I just read a Facebook comment on a Sports Illustrated profile of Johnny Bench someone shared here. The comment: "Very long but good article."
That sort of bugged me because the article didn't seem unduly long: 3239 words. (I checked.)
It strikes me that our attention spans have dribbled down to nearly zero.
And this has consequences for life and society beyond how we perceive profiles of old baseball players.
How will we ever innovate or solve problems if we don't have the patience to wrestle with facts and ideas?
Without a significant attention span or a willingness to read or watch or listen to things that will inform us, teach us, enliven us, challenge us, and stretch us, how can we possibly function, how will we make good, informed decisions in life?
I've thought about this a lot. The founders of this country thought that an informed and educated people were essential for the functionality of a democracy.
When I mention being educated, I'm not talking about college educations. The Founders didn't think that everyone needed to go to college and neither do I.
I'm talking sound basic education that includes science, history, civics, English, the Arts, and physical education.
My grandfather, a man orphaned at the age of eight who was shipped from one foster family to another before graduating from college, could still, in his sixties and seventies, recite soliloquies from Shakespeare that he learned in his school years.
It's not that these basics aren't being taught in some of our schools; they most definitely are and I have infinite respect for teachers.
But the imposition of "standards" by state legislatures and other government entities trying to impress their constituents, and the advent of "social promotion" have conspired with other aspects of our culture to dumb down America.
Read, for example, a transcript of an average American political speech or public lecture--meant to be heard by ordinary lay audiences--on anything from science to foreign policy from forty years ago, then read some from today, and you'll notice, by and large, this "dumbing down." Yes, we have TED Talks and the like, certainly good things. But even they are tailored for our short attention spans.
When I was an admittedly nerdy teenager, I used to borrow back issues of Vital Speeches, a magazine that presented transcripts of all kinds of addresses, from the library. It helped me understand what was going on in the world from a variety of perspectives. I guarantee that many of the speeches I read back then were longer than 3239 words.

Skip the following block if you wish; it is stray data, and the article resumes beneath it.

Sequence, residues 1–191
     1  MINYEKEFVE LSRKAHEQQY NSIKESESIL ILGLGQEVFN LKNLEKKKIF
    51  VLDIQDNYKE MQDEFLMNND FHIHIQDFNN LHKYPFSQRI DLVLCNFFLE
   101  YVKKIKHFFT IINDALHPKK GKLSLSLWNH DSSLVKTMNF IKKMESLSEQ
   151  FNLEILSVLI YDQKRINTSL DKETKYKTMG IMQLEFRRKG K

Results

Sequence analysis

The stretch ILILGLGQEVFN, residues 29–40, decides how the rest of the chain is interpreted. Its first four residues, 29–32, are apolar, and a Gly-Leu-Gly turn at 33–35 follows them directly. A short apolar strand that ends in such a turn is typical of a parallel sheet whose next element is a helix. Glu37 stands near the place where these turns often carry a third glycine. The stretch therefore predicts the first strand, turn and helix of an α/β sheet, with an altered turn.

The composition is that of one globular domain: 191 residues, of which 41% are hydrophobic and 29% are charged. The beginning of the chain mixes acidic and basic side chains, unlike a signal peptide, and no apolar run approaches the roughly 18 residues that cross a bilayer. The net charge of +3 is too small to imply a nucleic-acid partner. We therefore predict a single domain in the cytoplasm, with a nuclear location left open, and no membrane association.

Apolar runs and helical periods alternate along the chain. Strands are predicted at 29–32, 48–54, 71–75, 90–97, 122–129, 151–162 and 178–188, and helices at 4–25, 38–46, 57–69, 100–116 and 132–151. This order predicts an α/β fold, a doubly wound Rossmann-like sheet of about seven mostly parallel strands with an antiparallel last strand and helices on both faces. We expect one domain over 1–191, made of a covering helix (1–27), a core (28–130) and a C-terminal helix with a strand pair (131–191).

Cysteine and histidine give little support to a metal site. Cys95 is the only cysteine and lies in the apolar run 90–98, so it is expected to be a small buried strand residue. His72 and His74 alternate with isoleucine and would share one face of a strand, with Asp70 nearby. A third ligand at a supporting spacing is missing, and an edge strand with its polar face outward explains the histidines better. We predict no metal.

I'm not being nostalgic here. Nostalgia is inaccurate history. I've never been one to pine for good old days that never existed.
For all the information and education available to past generations of Americans, they still managed to justify moral horrors like the murderous subjugation of Native Americans, slavery and Jim Crow laws, the internment of Japanese Americans during World War 2, and on and on.
I believe that education without the personal and societal transformation that only comes through faith in Jesus Christ and the consequent unleashing of the Holy Spirit in our lives, we will operate from the human default mode: The Bible affirms that we are sinners who WILL commit sin, including the perpetration of injustice, unless we take hold of the new life that God offers to those who repent and believe in Jesus. Even then, we will make mistakes, we will sin.
But as we live in an ongoing relationship of accountability with the God Who saves us by grace through faith in Christ, we will encounter the ministry of God's Holy Spirit, Who convicts of our sin and then convinces us as we repent that God is forgiving us and making us new in spite of ourselves. This, in turn, engenders humility, open-mindedness, and open-heartedness. (I'm sure that nothing angers God more than "Christians" misusing their faith to justify things like injustice and hatred or the acquisition of power.)
I wonder though if, in the mad dash to make quick impressions on us, the media elites and others, aren't selling us all short.
I'm convinced that we human beings are far more capable of learning, growing, and thinking than the Kardashians, the politicians, marketers, and media mavens think that we are.
If only we believed it too.
[I'm the pastor of Living Water Lutheran Church in Centerville, Ohio.]